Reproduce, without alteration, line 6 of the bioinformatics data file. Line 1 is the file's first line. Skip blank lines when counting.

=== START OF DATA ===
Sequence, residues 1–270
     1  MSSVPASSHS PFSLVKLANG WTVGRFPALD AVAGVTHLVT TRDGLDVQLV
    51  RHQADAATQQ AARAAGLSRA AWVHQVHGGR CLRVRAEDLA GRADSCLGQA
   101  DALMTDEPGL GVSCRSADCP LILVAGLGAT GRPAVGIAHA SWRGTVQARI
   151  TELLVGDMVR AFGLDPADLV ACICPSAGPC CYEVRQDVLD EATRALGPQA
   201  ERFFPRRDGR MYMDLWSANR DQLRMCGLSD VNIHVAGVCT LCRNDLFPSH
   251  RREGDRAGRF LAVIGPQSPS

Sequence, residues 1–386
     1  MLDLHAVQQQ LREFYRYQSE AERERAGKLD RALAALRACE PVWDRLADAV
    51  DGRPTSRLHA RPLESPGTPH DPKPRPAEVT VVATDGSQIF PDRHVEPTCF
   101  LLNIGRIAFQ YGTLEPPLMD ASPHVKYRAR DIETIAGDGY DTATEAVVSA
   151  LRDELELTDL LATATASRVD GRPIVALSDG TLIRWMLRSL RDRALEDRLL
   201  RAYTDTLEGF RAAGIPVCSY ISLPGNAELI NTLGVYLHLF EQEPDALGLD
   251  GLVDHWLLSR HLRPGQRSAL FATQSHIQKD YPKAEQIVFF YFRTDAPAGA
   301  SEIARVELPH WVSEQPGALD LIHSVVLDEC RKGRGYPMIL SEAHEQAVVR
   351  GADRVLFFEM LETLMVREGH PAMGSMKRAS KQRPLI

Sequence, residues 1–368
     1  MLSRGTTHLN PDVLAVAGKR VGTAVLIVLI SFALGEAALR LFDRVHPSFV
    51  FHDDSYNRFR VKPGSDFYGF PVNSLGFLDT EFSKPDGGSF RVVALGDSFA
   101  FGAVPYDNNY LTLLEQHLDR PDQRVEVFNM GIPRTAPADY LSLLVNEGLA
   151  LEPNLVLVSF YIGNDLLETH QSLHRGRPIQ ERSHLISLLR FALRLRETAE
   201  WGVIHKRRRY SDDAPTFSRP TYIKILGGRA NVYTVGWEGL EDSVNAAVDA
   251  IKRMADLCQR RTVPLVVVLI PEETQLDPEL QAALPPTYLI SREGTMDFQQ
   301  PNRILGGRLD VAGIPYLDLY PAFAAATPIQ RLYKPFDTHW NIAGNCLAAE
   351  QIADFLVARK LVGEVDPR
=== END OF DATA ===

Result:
   201  ERFFPRRDGR MYMDLWSANR DQLRMCGLSD VNIHVAGVCT LCRNDLFPSH